Rescuer Fatigue: Standard versus Continuous Chest-Compression Cardiopulmonary Resuscitation


Department of Emergency Medicine, Scott & White Hospital, 2401 South 31st Street, Temple, TX 76508. Fax: 254-724-1044 (Email:


Objectives Continuous chest-compression cardiopulmonary resuscitation (CCC-CPR) has been advocated as an alternative to standard CPR (STD-CPR). Studies have shown that CCC-CPR delivers substantially more chest compressions per minute and is easier to remember and perform than STD-CPR. One concern regarding CCC-CPR is that the rescuer may fatigue and be unable to maintain adequate compression rate or depth throughout an average emergency medical services response time. The specific aim of this study was to compare the effects of fatigue on the performance of CCC-CPR and STD-CPR on a manikin model.

Methods This was a prospective, randomized crossover study involving 53 medical students performing CCC-CPR and STD-CPR on a manikin model. Students were randomized to their initial CPR group and then performed the other type of CPR after a period of at least two days. Students were evaluated on their performance of 9 minutes of CPR for each method. The primary endpoint was the number of adequate chest compressions (at least 38 mm of compression depth) delivered per minute during each of the 9 minutes. The secondary endpoints were total compressions, compression rate, and the number of breaks taken for rest. The students' performance was evaluated on the basis of Skillreporter Resusci Anne (Laerdal, Wappingers Falls, NY) recordings. Primary and secondary endpoints were analyzed by using the generalized linear mixed model for counting data.

Results In the first 2 minutes, participants delivered significantly more adequate compressions per minute with CCC-CPR than STD-CPR, (47 vs. 32, p = 0.004 in the 1st minute and 39 vs. 29, p = 0.04 in the 2nd minute). For minutes 3 through 9, the differences in number of adequate compressions between groups were not significant. Evaluating the 9 minutes of CPR as a whole, there were significantly more adequate compressions in CCC-CPR vs. STD-CPR (p = 0.0003). Although the number of adequate compressions per minute declined over time in both groups, the rate of decline was significantly greater in CCC-CPR compared with STD-CPR (p = 0.0003). The mean number of total compressions delivered in the first minute was significantly greater with CCC-CPR than STD-CPR (105 per minute vs. 58 per minute, p < 0.001) and did not change over 9 minutes in either group. There were no differences in compression rates or number of breaks between groups.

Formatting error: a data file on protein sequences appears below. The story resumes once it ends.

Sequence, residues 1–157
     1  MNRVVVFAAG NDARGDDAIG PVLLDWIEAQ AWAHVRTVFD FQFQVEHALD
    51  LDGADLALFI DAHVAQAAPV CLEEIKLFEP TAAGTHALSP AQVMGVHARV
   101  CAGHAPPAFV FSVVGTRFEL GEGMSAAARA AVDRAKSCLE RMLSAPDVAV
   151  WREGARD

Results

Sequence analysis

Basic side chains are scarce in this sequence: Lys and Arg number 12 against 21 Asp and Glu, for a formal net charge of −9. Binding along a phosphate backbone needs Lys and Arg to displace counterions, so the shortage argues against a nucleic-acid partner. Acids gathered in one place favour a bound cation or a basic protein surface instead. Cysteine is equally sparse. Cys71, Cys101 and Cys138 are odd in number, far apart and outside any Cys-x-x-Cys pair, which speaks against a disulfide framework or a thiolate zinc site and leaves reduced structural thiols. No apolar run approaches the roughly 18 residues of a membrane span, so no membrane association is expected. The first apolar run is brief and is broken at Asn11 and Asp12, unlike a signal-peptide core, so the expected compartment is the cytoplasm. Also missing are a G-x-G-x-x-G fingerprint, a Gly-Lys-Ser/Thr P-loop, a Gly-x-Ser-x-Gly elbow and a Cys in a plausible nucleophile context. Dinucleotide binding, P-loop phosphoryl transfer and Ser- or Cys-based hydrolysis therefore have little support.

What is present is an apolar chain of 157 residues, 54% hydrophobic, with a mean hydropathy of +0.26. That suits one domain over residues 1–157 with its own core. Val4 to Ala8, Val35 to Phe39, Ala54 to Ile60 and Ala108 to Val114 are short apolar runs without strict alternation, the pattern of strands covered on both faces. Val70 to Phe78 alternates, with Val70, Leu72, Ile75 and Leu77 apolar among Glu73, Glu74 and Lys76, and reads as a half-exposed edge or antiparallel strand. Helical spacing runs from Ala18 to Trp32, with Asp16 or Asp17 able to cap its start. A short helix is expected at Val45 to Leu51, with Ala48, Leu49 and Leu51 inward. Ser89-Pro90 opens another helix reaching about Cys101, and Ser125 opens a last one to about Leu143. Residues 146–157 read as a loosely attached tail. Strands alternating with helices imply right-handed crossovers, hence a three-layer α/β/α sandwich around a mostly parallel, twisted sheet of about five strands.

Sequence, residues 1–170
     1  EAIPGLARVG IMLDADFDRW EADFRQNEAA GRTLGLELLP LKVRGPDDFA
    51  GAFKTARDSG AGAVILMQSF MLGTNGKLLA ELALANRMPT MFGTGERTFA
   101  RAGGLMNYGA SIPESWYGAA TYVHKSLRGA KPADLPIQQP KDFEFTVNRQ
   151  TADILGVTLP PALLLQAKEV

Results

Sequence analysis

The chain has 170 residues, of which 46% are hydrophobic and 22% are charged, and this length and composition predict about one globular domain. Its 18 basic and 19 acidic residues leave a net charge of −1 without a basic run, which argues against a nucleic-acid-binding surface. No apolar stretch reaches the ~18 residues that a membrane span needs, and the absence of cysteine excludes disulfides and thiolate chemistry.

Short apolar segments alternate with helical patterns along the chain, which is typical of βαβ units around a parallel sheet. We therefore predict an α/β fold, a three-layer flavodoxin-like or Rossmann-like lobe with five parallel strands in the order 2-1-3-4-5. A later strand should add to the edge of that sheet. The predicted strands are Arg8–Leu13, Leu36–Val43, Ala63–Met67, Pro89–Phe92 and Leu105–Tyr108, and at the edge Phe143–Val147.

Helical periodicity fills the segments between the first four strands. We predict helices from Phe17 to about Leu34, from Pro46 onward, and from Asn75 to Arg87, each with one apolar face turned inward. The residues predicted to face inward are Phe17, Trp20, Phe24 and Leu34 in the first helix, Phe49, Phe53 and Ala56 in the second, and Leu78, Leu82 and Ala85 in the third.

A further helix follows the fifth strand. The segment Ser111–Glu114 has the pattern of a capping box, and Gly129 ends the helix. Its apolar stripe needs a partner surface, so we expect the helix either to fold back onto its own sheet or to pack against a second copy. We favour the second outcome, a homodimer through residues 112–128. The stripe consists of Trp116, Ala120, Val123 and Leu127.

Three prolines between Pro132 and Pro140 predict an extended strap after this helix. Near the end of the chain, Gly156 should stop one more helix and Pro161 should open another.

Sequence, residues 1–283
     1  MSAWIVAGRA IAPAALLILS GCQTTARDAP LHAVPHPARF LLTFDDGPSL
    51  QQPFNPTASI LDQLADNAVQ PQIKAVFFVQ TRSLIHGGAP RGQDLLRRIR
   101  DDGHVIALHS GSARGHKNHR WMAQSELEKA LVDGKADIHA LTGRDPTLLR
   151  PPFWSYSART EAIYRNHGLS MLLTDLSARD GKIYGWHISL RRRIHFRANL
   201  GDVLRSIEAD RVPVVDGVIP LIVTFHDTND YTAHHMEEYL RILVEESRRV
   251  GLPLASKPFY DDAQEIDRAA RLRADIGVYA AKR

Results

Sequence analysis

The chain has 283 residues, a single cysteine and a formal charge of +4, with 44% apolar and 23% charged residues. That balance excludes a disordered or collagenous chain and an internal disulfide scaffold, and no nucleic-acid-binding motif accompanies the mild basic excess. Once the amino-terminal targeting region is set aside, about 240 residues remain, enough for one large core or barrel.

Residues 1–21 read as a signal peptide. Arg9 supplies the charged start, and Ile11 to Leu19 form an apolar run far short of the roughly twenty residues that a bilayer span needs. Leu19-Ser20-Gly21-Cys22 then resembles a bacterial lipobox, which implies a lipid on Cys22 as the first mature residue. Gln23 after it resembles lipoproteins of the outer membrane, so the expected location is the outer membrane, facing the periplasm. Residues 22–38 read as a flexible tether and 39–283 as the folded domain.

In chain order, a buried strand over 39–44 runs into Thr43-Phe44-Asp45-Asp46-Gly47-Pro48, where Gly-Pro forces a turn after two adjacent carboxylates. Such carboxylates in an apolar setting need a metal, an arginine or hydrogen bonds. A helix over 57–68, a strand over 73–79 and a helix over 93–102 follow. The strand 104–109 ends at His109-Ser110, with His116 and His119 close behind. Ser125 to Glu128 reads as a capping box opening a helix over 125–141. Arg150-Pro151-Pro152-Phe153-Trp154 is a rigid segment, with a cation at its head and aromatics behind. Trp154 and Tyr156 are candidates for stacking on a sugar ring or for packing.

Conclusions CCC-CPR resulted in more adequate compressions per minute than STD-CPR for the first 2 minutes of CPR. However, the difference diminished after 3 minutes, presumably as a result of greater rescuer fatigue with CCC-CPR. Overall, CCC-CPR resulted in more total compressions per minute than STD-CPR during the entire 9 minutes of resuscitation.